My youth baseball coach used to tell my team there were no girls allowed in baseball. The opposite sex wasn’t allowed on the field, in the dugout, or anywhere else that could potentially take our focus away from the game being played.
The guideline may still hold true, but they are allowed in the stands.
I started playing baseball during my early childhood and didn’t relinquish my passion for playing the game until more than a decade later. At the beginning of my playing career, I’d be surprised if my mom knew what the difference between a home run and a double play was.
Over the years, however, she began to learn the game that I had fallen in love with.
To be honest, I don’t know if she had much of a choice. That’s how she spent each of her weekends between March and October. She travelled all over the state of Colorado and even to nearby states through the Midwest. She graciously sat through heat, hail and freezing temperatures to watch me play.
My team created shirts that my mom proudly wore that read, “I have no life. My son plays competitive baseball.”
She began to understand and even started to enjoy the game. She volunteered herself to chart pitches to keep track of balls, strikes and what type of pitch was thrown during my games.
My mom was a baseball mom.
During the summers we would go to Rockies games together.
We would eat sunflower seeds in the car as she kindly made the trek to the stadium in the late morning so I could see batting practice and gather by the home dugout to get autographs. After the games, she would stay late to let me savor each moment of being at the stadium.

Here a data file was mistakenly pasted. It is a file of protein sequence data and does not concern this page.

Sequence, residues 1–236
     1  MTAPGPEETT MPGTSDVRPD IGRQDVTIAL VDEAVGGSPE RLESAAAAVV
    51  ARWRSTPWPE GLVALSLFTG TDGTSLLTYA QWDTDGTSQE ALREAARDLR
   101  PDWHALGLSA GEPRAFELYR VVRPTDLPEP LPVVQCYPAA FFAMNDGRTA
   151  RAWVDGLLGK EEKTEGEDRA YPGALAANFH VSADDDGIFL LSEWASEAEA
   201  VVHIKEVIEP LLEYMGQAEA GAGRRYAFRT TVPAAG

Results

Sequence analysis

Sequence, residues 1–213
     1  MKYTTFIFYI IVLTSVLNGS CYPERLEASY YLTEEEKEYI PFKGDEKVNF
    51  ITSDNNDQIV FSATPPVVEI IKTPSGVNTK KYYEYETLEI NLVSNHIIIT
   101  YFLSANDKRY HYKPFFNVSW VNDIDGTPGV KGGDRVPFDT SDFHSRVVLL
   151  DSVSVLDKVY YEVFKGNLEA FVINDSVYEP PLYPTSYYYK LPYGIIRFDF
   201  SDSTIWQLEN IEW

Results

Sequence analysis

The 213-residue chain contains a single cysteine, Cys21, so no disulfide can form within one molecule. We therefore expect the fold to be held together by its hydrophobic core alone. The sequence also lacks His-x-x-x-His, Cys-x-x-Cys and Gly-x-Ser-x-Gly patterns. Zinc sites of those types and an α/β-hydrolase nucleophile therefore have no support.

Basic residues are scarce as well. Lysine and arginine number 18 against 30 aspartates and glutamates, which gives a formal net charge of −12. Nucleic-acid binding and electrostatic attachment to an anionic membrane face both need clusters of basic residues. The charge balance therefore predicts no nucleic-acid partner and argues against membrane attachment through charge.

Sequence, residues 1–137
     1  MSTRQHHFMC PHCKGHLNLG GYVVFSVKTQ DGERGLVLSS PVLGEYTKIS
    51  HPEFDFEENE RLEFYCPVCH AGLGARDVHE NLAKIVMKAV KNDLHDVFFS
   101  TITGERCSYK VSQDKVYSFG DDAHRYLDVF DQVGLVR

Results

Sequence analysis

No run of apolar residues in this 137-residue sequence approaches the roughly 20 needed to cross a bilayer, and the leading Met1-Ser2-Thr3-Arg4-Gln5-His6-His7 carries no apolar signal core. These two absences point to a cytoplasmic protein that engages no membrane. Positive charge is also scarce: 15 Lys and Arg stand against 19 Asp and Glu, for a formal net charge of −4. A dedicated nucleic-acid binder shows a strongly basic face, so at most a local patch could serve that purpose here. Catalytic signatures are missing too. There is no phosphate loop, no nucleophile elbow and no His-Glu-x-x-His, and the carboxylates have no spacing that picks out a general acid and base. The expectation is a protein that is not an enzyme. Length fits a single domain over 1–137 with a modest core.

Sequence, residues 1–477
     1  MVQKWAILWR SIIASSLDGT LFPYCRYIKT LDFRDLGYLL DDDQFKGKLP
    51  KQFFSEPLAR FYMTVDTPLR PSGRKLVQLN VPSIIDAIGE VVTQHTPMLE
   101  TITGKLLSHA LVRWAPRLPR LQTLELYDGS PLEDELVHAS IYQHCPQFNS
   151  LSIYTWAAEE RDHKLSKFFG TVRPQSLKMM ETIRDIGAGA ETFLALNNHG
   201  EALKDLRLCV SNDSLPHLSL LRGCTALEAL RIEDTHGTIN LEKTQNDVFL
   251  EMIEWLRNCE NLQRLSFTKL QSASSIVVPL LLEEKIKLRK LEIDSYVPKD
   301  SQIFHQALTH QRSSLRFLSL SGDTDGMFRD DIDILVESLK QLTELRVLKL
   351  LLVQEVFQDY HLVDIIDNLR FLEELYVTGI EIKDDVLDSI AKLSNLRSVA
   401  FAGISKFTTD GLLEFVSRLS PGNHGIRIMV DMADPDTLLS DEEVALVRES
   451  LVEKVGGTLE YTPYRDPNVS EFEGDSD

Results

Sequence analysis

I witnessed my first playoff game with her in 2007 and got to be with her for her first Opening Day last season. Perhaps my favorite memory with my mom, not just involving sports, but in general, was when she picked me up from a morning pitching lesson and told me we had to run a few errands before going home.
Being a child, I was disappointed that I was going to miss my favorite cartoons to instead go shopping. After several miles of driving south down I-25, I grumpily asked my mom, “What mall are we going to?”
She pulled out my glove and Rockies jersey from the backseat and started singing “Take Me Out to the Ballgame.”
We were going to the Rockies game that afternoon.
Despite the excessive amount of games I’ve been to in my 20 years of living, I have never caught a foul ball. I’ve gotten balls during batting practice or tossed to me during warm-ups, but never during a game.
My mom, on the other hand, has.
In an afternoon ballgame, a foul ball hit by Neifi Perez sliced down right field and into the seats one section away. As I quickly popped out of my seat to run near the ball, the ball bounced several feet in front of me and well over my head.
When I got back to my seat, my mom held the ball up to me with a smile. The ball had bounced straight into our row where she picked the ball up off of the ground. She explained how a guy tried grabbing the ball from her, but she wrapped her fingers around it tightly and yelled, “It’s mine, I’ve got it.”
In another game with my mom, I was ecstatic when I saw my first live balk called as Chan Ho Park of the Dodgers double-stepped while on the mound. I looked at my mom with excitement and asked, “Did you see that?” I proceeded to explain to her what Park illegally did and what a balk was.
Earlier this season, while watching a Sunday night telecast with my mom, she rewound the DVR on our TV as she said, “Look, that’s a balk!”
I’ve turned my mom into a sports nut. She has given her life to baseball and now will turn on the TV to watch a game, even if I’m not home with her.
I’m now in college and have final exams next week. Unfortunately, I won’t be able to do much for my mom for her special day today. However, when the Rockies return from their road trip and play at Coors Field again later this month, I’ll be taking her to a game.
She’s almost as big of a baseball fan as I am now, and I know she wouldn’t want to spend her day any other way.
This article is also featured on Bleacher Report.